The Cross River gorilla is a critically endangered gorilla species, native to the border region of Nigeria-Cameroon. Today, only about 250 to 300 individuals are alive, due to habitat loss and poaching, making it the rarest of all four gorilla species. It’s so rare and elusive, that no one has ever been able to record a Cross River gorilla, and were it not for a few photos, the outside world would’ve had no idea of their existence. Camera traps displaces around Cameroon’s Kagwene Gorilla Sanctuary, however, have offered us a true gem – live footage of not one, but eight Cross River gorillas.
The video is truly extraordinary, and in just one minute of released footage, one can see 3% of the species walking casually through the reservation. One of the gorillas, at some point, can be seen rushing through in front of the camera, while beating his chest, offering an unique moment. On the other side of the scale, one of the pack’s gorillas is disturbingly missing an arm, most likely caused by a snare left by poachers.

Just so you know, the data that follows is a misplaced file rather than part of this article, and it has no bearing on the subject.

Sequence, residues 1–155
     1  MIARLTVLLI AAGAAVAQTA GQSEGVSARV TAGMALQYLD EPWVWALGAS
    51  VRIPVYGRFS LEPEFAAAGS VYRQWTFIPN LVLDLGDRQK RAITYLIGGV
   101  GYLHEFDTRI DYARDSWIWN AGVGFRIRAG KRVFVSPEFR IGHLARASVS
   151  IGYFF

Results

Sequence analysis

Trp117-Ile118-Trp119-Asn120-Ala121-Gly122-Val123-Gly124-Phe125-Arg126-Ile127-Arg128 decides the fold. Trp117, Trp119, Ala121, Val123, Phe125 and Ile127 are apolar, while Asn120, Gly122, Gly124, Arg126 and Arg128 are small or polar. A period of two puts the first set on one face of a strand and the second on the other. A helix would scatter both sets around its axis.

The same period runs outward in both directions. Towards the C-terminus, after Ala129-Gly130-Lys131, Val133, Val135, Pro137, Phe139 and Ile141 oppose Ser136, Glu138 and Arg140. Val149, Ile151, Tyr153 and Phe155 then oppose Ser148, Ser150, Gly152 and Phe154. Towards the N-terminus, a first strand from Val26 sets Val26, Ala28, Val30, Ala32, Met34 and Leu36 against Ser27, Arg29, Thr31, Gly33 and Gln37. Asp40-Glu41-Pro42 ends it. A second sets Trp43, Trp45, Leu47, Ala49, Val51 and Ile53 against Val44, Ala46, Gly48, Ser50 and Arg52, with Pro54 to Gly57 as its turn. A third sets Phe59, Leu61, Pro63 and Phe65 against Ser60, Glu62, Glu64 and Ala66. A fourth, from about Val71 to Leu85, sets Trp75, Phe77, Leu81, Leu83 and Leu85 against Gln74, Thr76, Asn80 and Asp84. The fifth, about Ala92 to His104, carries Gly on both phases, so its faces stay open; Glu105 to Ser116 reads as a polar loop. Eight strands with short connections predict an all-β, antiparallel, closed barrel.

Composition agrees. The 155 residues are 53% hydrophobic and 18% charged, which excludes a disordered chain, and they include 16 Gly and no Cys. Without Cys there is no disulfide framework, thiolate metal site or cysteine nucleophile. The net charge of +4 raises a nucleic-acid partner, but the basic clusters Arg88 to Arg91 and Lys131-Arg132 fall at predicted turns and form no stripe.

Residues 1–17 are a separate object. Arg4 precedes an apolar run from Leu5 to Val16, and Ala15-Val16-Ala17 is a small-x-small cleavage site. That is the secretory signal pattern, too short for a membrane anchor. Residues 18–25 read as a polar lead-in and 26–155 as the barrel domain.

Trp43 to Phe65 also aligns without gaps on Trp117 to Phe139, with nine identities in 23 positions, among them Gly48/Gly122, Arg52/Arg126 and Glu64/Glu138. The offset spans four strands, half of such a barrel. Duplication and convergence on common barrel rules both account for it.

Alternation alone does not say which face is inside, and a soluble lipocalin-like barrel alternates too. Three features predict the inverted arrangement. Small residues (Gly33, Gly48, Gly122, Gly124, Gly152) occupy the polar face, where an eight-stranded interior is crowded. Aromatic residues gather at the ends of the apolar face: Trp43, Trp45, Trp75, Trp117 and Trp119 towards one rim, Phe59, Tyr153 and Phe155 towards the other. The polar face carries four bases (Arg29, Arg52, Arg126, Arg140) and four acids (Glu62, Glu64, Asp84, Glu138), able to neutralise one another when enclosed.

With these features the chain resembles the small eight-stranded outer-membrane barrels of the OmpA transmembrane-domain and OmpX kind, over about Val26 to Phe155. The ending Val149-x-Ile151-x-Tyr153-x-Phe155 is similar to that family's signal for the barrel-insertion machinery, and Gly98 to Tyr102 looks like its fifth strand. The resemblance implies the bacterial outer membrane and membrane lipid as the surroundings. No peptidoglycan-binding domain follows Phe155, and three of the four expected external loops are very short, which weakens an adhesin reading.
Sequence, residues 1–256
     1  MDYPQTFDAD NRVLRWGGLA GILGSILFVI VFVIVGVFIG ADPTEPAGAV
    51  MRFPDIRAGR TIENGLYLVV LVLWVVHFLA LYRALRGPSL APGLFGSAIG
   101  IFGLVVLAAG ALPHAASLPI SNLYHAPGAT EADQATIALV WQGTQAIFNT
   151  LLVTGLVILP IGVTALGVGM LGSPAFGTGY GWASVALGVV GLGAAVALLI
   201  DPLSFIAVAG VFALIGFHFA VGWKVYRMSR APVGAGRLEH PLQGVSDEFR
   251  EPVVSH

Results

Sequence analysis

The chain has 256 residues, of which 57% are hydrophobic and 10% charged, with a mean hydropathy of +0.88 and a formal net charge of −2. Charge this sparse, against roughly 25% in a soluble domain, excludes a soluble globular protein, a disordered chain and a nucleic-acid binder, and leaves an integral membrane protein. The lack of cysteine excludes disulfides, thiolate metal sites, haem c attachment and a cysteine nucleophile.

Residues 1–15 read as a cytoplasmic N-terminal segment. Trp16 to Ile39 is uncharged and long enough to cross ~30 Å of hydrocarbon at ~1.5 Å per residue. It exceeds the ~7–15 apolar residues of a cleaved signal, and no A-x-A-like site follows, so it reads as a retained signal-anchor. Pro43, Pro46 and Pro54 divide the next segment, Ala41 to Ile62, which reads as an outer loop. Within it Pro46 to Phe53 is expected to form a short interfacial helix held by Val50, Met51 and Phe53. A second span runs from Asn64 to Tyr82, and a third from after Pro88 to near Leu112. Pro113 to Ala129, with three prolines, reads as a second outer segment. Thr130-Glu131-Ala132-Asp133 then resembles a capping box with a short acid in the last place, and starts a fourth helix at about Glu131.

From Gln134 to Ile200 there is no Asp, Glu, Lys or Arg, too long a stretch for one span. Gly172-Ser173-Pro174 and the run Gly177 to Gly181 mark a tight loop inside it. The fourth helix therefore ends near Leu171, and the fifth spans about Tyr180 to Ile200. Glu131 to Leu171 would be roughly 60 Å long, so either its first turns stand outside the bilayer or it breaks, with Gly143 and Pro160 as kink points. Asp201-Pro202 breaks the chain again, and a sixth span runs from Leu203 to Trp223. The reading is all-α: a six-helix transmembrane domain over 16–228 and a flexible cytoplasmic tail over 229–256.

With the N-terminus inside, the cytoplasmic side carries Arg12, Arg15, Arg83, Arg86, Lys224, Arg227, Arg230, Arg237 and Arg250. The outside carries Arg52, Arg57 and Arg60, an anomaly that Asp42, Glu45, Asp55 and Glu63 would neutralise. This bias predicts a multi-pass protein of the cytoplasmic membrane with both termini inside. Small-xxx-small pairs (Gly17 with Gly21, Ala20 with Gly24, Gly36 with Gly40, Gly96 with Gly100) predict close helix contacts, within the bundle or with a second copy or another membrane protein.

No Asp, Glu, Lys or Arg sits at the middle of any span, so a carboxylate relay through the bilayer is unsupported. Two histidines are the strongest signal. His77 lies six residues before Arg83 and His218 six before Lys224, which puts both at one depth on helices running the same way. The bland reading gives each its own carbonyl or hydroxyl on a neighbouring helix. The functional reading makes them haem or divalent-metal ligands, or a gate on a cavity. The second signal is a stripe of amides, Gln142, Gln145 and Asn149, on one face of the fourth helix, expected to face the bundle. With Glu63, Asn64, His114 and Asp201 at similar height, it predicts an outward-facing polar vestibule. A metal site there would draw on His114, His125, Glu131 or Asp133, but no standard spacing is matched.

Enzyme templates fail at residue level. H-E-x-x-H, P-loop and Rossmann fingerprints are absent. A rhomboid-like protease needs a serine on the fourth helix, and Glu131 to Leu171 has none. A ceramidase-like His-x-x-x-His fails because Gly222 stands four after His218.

“Spectacular footage such as this, which we’ve never had before for Cross River gorillas, is absolutely vital to inspire local people, the governments of Nigeria and Cameroon, and the global community to care about and to save this unique subspecies,” James Deutsch, executive director for WCS’s Africa Program, said in a prepared release. “Continued research of this kind will help fine-tune management plans to protect this rarest of apes.”
Scientists claim that the whole Cross River gorilla population is dispersed around a mountainous strip, 12,000 km long. It’s this extremely low density that makes them so hard to spot – maybe, ultimately, this is what allowed them to survive in the first place.
“Cross River gorillas occur in very low densities across their entire range, so the appearance of a possible snare injury is a reminder that continued law enforcement efforts are needed to prevent further injuries to gorillas in the sanctuary,” said Liz Macfie, gorilla coordinator for WCS’s Species Program.